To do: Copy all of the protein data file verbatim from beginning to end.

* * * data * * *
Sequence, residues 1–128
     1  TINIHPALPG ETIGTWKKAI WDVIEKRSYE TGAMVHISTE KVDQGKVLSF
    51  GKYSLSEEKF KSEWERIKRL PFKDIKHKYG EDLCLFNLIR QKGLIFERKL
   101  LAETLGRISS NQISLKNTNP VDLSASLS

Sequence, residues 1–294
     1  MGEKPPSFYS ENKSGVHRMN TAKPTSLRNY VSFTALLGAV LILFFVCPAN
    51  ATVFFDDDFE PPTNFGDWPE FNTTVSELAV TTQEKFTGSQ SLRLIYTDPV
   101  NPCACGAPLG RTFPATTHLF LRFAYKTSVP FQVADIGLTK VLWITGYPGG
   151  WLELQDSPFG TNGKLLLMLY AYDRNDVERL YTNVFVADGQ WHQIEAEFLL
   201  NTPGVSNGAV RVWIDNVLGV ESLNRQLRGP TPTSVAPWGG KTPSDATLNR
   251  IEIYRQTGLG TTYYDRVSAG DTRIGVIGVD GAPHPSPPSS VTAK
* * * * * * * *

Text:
Sequence, residues 1–128
     1  TINIHPALPG ETIGTWKKAI WDVIEKRSYE TGAMVHISTE KVDQGKVLSF
    51  GKYSLSEEKF KSEWERIKRL PFKDIKHKYG EDLCLFNLIR QKGLIFERKL
   101  LAETLGRISS NQISLKNTNP VDLSASLS

Sequence, residues 1–294
     1  MGEKPPSFYS ENKSGVHRMN TAKPTSLRNY VSFTALLGAV LILFFVCPAN
    51  ATVFFDDDFE PPTNFGDWPE FNTTVSELAV TTQEKFTGSQ SLRLIYTDPV
   101  NPCACGAPLG RTFPATTHLF LRFAYKTSVP FQVADIGLTK VLWITGYPGG
   151  WLELQDSPFG TNGKLLLMLY AYDRNDVERL YTNVFVADGQ WHQIEAEFLL
   201  NTPGVSNGAV RVWIDNVLGV ESLNRQLRGP TPTSVAPWGG KTPSDATLNR
   251  IEIYRQTGLG TTYYDRVSAG DTRIGVIGVD GAPHPSPPSS VTAK